An intriguing theater-related experience called Queens Theatre Education At Home is about to get underway.
Aimed at various age groups, ranging from 6-year-olds to adults, the program covers a variety of topics that will surely be of interest to the theater lover in you.
Have you ever had the desire to turn your ideas into a play? Or perhaps to create your own musical? Or to hone the skills that could help you become a better actor?
If so, you might want to check out the online performing arts classes being offered the week of March 29 through April 2.
According to Richard Hinojosa, the theater’s director of education, each course involves interaction with teaching artists and other members of the class.
“All the teachers are working professionals,” he said.
The artists include actor and comedian Willy Appelman; Brian Feinstein, co-creator of the upcoming musical based on the film “The Bad News Bears”; Mary Archbold, an award-winning television and stage performer; writer and educator Allie Marotta; actor, playwright and educator Mel Nieves; and Rob Urbinati, author and the theater’s director of new play development.
Promotional materials for the program suggest that participants will see their imaginations sparked and their natural performing skills expanded through theater activities and workshops.
The courses, each running two hours a day for five straight days, are divided into three categories. The first is aimed at youngsters between the ages of 6 and 9. “Picture a Story,” offered from 10 a.m. to noon each day, will find participants working with a director and musical director to turn a wordless graphic novel into a stage performance, complete with original dialogue and song lyrics.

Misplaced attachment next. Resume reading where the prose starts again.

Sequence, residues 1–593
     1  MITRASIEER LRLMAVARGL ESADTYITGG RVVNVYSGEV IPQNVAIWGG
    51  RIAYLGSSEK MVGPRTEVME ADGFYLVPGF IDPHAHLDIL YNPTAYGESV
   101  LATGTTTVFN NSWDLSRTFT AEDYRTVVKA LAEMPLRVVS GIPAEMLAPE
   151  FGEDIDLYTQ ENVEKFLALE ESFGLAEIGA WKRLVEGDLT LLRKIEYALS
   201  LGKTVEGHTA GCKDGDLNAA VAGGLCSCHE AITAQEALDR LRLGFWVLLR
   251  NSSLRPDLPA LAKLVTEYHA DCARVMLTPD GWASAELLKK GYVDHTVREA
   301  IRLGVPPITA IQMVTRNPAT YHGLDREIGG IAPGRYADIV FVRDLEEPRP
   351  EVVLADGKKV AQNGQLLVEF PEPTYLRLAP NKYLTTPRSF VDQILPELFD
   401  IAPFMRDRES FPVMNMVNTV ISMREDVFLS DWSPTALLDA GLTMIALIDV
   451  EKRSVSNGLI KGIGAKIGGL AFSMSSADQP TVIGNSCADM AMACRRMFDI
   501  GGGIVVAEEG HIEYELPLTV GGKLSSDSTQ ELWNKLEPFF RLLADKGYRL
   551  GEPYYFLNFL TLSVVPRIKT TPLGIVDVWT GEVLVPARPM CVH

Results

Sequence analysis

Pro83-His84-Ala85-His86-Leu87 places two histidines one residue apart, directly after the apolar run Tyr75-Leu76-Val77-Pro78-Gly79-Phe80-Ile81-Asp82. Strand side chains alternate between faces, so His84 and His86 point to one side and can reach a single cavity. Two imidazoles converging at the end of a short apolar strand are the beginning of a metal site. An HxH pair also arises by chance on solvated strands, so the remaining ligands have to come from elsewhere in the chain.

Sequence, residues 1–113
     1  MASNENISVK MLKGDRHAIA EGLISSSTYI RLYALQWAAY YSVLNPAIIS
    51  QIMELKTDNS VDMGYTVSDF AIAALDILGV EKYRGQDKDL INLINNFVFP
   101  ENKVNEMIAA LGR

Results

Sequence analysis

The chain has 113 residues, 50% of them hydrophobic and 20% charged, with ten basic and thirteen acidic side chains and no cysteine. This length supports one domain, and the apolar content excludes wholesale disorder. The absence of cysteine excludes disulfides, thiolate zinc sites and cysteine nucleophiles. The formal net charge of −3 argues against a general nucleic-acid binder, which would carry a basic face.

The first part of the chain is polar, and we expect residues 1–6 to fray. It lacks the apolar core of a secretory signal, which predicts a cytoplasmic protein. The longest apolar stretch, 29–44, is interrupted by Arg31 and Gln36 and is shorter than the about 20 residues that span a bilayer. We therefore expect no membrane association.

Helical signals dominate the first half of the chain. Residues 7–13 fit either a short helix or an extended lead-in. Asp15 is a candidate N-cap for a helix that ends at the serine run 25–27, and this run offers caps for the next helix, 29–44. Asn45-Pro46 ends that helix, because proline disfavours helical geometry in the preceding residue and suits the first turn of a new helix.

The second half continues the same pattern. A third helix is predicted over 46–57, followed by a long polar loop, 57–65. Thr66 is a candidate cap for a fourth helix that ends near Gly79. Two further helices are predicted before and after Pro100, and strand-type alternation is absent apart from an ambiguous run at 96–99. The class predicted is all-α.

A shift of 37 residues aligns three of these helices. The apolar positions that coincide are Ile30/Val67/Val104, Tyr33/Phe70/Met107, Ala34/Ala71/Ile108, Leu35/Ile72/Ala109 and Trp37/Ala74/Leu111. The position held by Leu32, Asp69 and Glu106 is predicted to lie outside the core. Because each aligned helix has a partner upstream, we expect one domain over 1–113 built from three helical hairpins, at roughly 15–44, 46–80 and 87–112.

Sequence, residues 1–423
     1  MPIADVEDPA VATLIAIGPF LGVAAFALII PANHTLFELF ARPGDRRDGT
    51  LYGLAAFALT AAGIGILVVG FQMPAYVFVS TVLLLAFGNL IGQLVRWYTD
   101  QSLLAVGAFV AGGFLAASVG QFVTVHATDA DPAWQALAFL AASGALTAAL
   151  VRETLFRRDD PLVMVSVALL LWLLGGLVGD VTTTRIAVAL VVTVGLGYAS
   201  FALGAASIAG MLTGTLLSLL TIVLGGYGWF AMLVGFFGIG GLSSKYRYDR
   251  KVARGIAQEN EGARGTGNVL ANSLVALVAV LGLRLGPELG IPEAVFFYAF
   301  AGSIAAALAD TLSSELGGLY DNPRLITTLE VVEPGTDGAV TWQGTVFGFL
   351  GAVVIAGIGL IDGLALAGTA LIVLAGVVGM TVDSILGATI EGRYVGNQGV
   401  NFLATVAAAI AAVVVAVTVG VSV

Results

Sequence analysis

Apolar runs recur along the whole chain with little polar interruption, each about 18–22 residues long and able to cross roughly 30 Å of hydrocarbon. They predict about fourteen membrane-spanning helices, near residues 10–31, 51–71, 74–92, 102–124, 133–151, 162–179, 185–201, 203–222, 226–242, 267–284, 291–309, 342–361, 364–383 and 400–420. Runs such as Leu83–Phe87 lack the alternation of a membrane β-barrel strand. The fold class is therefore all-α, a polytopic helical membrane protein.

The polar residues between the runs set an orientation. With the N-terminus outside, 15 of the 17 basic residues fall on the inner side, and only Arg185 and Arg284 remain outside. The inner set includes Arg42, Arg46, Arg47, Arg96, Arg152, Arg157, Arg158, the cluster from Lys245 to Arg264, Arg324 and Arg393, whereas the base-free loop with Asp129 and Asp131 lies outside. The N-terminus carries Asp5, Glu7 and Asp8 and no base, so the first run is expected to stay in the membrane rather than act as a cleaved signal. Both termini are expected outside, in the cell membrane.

As a concluding exercise, the youngsters will present their play to their friends and family.
“Be Scene,” offered daily from 1 to 3 p.m., is divided into two age categories: 10- to 12-year-olds and 13- to 17-year-olds. The course will help participants fine-tune their acting skills through intensive scene study workshops. Working with a director, they will engage in activities aimed at improving their skills and ability to work with partners. At the conclusion of the week, they will present their scenes to friends and family.
Similarly, “On the Page” is also split into two groups; the first is for participants from 14 to 19 years old and the second for those 20 and older. The classes will meet from 4 to 6 p.m. each day.
The focus of that course is on playwriting, with participants learning, through workshops that are described as “rigorous,” the practices involved in creating short plays.
Aspects of the craft to be covered include character, dialogue, structure, conflict, tone and theme.
Hinojosa noted that the theater has been hosting a summer performing arts educational camp program for youngsters for the past seven years. Since the pandemic, some of the same classes have been offered online.
“They went really well,” he said.
In fact, some of the participants from the winter session are returning, along with some of the youngsters who have participated in the theater’s in-person summer program. Several of the teaching artists involved in the latest version have participated in previous sessions, as well.
Hinojosa is particularly excited about an unforeseen development, pointing out that “one of the benefits of quarantine is the involvement of participants from out of state. It’s been an interesting experience,” he said.
Registration for the courses is now open at queenstheatre.org. and will continue until just prior to the start of the program. Each five-day course has a fee of $150 per participant.